Laolu Senbanjo: Sharing The Beauty of African Stories Through Arts

Laolu Senbanjo brings more awareness and visibility to African arts and culture through the distinctive storytelling in his unique artistic style.


Laolu (Olaolu) Isaac Senbanjo is a visual artist, musician, human rights lawyer, and activist from Nigeria who has received global recognition in recent years.

He is known best for his distinctive African artworks and designs inspired by Yoruba mythology and culture. His arts have been featured on CNN, Vogue, the BBC, Huffington Post, ABC, FOX, and more.

One of the reasons, Laolu is so unique is that his designs can be seen anywhere. He designs typically on anything from the conventional canvas to shoes, walls, buildings, clothing, and more amazingly, the human body.



Born and raised in Ilorin, the state capital of Kwara in Western Nigeria to Yoruba Parents, Laolu fuses a modern style with his Yoruba heritage, creating his own unique style called ‘Afromysterics’.

Growing up, his dream was to be an artist. But in his community, art was not seen as an actual or serious profession. He didn’t have a choice to study art. His father was a lawyer and studying law was also expected of him. Therefore he had to become one.


Laolu, while practicing law, spends most of his day doing arts. Not only arts, but music as well. He would sneak his art into the office just so he could have more time to work on it. While law was a field he was interested in, he was so much in love with his art.

The passion was unstoppable and this prompted him to give up his legal career to become a full-time artist. He knew that his art was bigger than him and needed to commit more and share this part of him with anyone who would take the time to look or listen.

African Arts and Afromysterics

laolu-senbanjo-the sacred-art-of-the-ori

Laolu uses the term “Afromysterics” to expound his creative works – both visual and musical. It depicts the mystery of the African thought pattern. This is something his work promotes and embodies.

His inspiration comes mainly from his Yoruba culture. He is also influenced by the surroundings, climate, and fascinatingly, his dreams. These all ignite his creativity both day and night.

The Yoruba heritage, ever-present in his work, marries modern detail and an ornate style to create a vision of Afrofuturism. His preferred medium is charcoal but he also works in acrylics, inks, and even wood.

Each line or gesture of his art expresses a particular feeling. You could almost hear the art speaking to you.

The Beauty Of African Arts and Culture


Laolu’s artistic prowess and style is dynamic and very energetic. His creativity is and has given more light, awareness, and visibility to the idea that there are distinct cultures within Africa.

Sadly, there are a lot of things most people from around the world do not realize about Africa and African arts. His work opens up the discourse on African Diasporic art – changing how people view “Africa” by showing that it is a multi-cultural continent. A continent with distinct cultures, customs, religions, and stories.

There is a pride you feel when you look at the artworks. This surreal pride in itself has a strong connection and tie to the dynamism of the Yoruba culture.

The Sacred Art of The Ori


The Sacred Art of the Ori is one of Laolu’s signature works. It is a representation of the Yoruba Ritual that literally interprets your soul and destiny. In the Yoruba language, “Ori” literally means your essence, your soul, your destiny, and also comes with a mantra.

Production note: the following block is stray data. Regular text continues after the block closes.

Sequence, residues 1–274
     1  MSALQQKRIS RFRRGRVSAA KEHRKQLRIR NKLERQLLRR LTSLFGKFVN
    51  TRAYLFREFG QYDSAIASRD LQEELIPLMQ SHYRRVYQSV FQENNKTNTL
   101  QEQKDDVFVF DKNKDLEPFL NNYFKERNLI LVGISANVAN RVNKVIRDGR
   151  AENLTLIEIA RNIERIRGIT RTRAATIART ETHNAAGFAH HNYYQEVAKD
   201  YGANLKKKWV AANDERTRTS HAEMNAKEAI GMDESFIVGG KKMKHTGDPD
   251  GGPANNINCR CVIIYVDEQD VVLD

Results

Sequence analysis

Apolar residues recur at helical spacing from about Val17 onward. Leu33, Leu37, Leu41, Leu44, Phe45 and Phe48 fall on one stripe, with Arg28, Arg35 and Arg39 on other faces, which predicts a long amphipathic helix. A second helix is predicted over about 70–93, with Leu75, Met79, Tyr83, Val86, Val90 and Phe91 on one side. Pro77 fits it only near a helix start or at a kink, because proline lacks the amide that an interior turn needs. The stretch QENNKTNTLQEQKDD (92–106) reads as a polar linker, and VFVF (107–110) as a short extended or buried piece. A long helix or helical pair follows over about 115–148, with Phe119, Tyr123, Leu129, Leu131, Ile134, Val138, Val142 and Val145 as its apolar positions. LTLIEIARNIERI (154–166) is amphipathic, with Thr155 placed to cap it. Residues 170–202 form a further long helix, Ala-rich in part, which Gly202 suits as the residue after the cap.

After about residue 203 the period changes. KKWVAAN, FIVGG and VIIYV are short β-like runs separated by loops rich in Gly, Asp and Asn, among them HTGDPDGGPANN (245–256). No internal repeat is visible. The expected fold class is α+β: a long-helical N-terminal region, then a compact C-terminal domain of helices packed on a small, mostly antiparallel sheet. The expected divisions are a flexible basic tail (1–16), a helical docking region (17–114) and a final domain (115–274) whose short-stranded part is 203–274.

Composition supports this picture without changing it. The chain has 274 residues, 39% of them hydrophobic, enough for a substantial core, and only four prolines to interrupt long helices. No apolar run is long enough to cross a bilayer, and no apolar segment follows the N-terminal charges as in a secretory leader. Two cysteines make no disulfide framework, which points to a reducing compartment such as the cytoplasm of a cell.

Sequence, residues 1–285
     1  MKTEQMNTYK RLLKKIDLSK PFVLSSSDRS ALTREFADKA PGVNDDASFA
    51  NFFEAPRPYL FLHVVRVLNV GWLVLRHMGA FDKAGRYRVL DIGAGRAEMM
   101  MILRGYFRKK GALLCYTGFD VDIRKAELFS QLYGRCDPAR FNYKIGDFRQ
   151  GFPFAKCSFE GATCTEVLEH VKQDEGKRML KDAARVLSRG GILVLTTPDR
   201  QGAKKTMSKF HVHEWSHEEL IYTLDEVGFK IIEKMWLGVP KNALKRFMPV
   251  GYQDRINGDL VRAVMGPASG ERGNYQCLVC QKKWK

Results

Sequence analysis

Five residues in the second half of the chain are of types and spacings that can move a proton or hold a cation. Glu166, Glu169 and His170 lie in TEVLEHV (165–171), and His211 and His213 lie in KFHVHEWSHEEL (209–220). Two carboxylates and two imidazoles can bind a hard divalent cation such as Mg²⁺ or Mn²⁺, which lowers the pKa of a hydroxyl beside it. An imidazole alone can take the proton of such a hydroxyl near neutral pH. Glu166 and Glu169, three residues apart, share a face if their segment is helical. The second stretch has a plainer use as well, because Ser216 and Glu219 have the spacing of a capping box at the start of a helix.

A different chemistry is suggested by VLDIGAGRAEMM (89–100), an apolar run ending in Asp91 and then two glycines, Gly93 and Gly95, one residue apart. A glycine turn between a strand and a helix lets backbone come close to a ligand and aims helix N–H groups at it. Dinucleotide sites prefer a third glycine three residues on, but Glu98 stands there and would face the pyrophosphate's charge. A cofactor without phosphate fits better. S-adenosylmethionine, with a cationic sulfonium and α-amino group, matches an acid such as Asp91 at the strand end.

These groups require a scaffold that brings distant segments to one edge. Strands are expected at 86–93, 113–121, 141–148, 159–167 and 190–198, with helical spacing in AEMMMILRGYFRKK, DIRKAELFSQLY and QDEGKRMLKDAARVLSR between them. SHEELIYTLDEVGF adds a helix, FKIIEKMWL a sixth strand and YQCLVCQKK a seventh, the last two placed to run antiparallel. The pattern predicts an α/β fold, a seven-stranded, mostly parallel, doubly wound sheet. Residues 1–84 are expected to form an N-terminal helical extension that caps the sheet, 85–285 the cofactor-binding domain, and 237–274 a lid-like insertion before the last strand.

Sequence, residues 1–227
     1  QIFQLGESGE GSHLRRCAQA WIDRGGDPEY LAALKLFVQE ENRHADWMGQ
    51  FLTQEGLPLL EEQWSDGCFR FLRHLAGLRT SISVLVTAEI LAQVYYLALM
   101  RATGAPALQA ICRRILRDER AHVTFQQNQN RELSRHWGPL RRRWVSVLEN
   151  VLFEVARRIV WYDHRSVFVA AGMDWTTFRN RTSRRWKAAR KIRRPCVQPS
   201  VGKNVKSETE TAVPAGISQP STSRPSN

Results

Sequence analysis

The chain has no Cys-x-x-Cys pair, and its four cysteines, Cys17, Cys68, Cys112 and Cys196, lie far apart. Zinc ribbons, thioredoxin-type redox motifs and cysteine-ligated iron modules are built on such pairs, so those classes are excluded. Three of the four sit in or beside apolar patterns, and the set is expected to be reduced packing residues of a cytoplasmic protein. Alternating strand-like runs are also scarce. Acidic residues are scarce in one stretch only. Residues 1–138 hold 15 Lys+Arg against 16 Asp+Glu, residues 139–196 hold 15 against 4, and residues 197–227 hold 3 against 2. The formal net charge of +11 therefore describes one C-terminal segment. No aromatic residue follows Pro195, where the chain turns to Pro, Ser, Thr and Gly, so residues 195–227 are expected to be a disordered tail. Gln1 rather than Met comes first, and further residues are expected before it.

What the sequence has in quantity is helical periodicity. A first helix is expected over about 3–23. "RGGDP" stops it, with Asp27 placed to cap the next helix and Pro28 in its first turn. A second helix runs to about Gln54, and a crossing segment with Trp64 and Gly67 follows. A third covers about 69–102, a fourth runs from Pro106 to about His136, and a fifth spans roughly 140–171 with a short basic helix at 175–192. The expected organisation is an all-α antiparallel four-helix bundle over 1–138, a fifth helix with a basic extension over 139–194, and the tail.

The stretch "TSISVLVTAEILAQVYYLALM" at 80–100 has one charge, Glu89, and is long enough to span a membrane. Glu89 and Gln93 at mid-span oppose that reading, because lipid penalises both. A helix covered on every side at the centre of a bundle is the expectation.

When Laolu works with a muse, it literally feels as though he, the muse, and their Ori have become one. The art physically feels like drawing what’s on the inside, what’s in the soul, the essence, and being. The art peeps deep into you in the most spiritual and energizing way. The connection is just phenomenal.

He was recently named “Master of Air” for a collaboration with Nike and his ‘Sacred Art of the Ori’ was premiered in Beyoncé’s conceptual video Lemonade. It’s incredible and exciting to see African arts that tell our stories reaching great platforms for the world to connect more with us.

‘Everything Is My Canvas”


Laolu applies his mantra, “Everything is My Canvas,” from conventional canvas to mural designs, fashion partnerships, live art events, walls, buildings, and the human body.

When Laolu started putting art on human bodies, he discovered that people loved customized storytelling. This made him customize his art for them. With human elements and patterns that evolve from the individual, his work sparks conversations.


His art has been seen by thousands, whether on social media or by people walking the pavement of New York City streets. One of those viewers was a fellow artist – Beyoncé. In 2016, she reached out to Laolu to be a part “Lemonade” – her Grammy Award-winning masterpiece.

Since then, Laolu has worked with more celebrities like Angelique Kidjo, Alicia Keys, Usher, and collaborated with various brands including Nike and Kenneth Cole. The humble, kind, and soulful artist has continued to seek new pathways of expression.

“I just want it to be that people are inspired by the journey and the story. It’s more about inspiring that kid, that child, who also has a dream. Because for me, my dream has always been art. And it’s always been being able to share my gifts. Because it’s a feeling you have as an artist sometimes. You just don’t know how you’re going to do it, but sometimes you have to just take a leap of faith and just plunge. Just jump”

Watch Laolu Senbanjo’s TED Talk on “The Sacred Art of the Ori” below

#AfricanArt #AfricanStory #AfricanBeauty #AfricanCulture #LaoluSenbanjo

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